Generation of Jobs
The U.S. was the fifth largest producer of solar panels in the world in 2016 and has created thousands of jobs in the country, according to Guardian. A 2016 Energy.gov report states that employment in the solar sector increased by 123% in five years since 2010. By 2015 there were 209,000 people employed in solar jobs. Most were small businesses engaged in installations, followed by solar designers, sales person and service professionals. The industry grew 12% faster than the average American job market, keeping the economy moving.
In 2015 coal and solar power provided 33% and less than 1% of energy, respectively. Yet, the solar industry employed three times more people than the coal industry in the same year, according to a Solar Foundation report. The number of people working in solar is higher than the number working for oil and gas plants. In fact 1.2% of all jobs in the U.S. were from the solar industry.
In 2015, 1 million people were employed in solar PV sector. Greenpeace Energy [R]Evolution considers that by 2030 this could increase to 9.7 million (p. 10). In addition 2.5 million jobs in solar thermal and 5.33 million in solar heat could also be generated (p. 11).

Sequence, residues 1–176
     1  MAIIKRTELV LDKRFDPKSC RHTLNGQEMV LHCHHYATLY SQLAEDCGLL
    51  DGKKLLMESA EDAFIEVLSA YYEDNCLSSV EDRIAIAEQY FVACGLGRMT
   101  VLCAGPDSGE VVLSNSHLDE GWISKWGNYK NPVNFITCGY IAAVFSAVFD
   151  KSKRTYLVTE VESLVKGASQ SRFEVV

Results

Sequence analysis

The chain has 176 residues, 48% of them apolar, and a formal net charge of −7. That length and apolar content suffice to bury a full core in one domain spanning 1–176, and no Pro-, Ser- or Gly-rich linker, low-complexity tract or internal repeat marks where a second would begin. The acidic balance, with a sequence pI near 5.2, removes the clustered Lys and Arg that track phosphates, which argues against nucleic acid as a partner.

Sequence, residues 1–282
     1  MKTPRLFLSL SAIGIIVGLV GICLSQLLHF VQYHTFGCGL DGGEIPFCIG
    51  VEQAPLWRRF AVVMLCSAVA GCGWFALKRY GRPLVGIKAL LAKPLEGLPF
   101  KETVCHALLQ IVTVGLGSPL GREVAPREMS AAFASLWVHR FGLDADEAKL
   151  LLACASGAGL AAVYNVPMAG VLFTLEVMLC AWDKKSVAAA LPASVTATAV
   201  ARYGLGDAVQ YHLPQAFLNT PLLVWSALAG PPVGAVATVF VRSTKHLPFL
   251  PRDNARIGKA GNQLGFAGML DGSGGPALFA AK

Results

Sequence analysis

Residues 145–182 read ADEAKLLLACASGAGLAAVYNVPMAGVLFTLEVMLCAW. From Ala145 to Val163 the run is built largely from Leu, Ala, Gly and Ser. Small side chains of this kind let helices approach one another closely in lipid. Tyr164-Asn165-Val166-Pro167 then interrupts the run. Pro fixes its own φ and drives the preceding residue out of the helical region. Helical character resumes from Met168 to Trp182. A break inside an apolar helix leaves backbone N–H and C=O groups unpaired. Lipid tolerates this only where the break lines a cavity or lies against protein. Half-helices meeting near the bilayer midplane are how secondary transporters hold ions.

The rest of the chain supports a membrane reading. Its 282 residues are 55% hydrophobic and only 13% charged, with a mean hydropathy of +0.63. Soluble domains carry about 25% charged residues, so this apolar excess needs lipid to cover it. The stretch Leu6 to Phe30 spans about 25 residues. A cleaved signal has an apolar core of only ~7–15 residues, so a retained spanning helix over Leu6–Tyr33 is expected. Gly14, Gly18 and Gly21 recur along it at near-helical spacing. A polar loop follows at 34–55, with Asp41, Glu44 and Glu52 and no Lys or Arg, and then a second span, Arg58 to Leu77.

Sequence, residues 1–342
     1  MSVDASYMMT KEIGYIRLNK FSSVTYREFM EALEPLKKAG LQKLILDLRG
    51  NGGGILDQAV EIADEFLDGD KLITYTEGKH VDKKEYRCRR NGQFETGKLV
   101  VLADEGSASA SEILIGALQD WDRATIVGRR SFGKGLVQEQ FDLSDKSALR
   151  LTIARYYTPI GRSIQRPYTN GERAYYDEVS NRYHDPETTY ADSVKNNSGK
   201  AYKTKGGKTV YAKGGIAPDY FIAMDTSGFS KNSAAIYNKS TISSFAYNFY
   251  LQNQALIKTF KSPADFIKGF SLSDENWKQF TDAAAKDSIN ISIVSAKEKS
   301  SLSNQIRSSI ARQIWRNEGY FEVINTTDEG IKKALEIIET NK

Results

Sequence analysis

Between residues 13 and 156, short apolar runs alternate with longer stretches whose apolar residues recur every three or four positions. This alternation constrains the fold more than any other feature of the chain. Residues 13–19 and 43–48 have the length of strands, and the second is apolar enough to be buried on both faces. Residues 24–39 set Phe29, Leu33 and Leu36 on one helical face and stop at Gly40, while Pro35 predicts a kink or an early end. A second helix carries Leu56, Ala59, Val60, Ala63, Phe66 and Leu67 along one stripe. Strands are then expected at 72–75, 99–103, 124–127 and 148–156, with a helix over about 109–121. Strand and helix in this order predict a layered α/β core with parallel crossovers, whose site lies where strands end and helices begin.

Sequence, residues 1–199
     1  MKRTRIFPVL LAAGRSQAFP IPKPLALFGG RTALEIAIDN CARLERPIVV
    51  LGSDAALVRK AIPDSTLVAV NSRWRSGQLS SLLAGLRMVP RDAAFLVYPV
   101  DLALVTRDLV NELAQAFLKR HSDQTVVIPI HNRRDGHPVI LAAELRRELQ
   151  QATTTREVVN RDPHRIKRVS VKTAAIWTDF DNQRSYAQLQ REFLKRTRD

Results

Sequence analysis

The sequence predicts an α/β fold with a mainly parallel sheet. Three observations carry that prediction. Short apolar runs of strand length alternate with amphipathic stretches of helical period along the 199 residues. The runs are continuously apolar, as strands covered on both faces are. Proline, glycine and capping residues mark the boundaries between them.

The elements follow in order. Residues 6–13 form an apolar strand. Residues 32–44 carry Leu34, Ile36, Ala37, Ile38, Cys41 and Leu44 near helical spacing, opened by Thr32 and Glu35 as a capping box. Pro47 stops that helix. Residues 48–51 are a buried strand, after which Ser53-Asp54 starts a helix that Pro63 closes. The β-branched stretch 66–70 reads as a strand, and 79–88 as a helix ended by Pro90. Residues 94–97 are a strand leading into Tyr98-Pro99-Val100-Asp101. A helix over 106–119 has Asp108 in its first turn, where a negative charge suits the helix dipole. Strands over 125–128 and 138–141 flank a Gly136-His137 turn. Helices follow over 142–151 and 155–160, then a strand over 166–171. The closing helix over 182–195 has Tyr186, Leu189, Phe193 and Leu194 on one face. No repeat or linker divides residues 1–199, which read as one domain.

Funding for Research and Innovations
The U.S. Department of Energy (DOE) has been the main funding agency since 1977. Funding of more than 150 million dollars were proposed in 2006 for solar energy alone. In 2009, around 30 billion dollars were given to all renewable sources and smart grid development. Research into solar power received $310 million in 2013, and grew to $65 million in 2016. The aim has been to develop technology to improve the efficiency of solar panels, develop new solar power collectors and storage capacity and slash costs of electricity generation to make it more affordable for all. There has been rapid progress, such as:
- Research is trying to find novel photo-voltaic devices by decreasing use of expensive silicon, and experimenting with different forms and shapes of panels, bio-based materials, and panel-less solar production etc, according to MIT.
- Improving capacity of batteries to store solar energy at times of surplus for later use to increase efficiency and ensure continuous supply is another option being exploited. Lithium-ion batteries in combination with software, and new “polymer-hybrid supercapacitors” being developed would be drive down costs.
A Sunny Future
Production of energy from solar has been doubling every twenty months since 2010 according to Bloomberg. By 2050, Greenpeace Energy [R]Evolution visualizes energy being produced 100% by renewables, wherein solar power’s contribution will be 32% (p. 11). The importance of solar energy is sure to play a big role in saving the environment, helping people socially and economically, and creating jobs and research.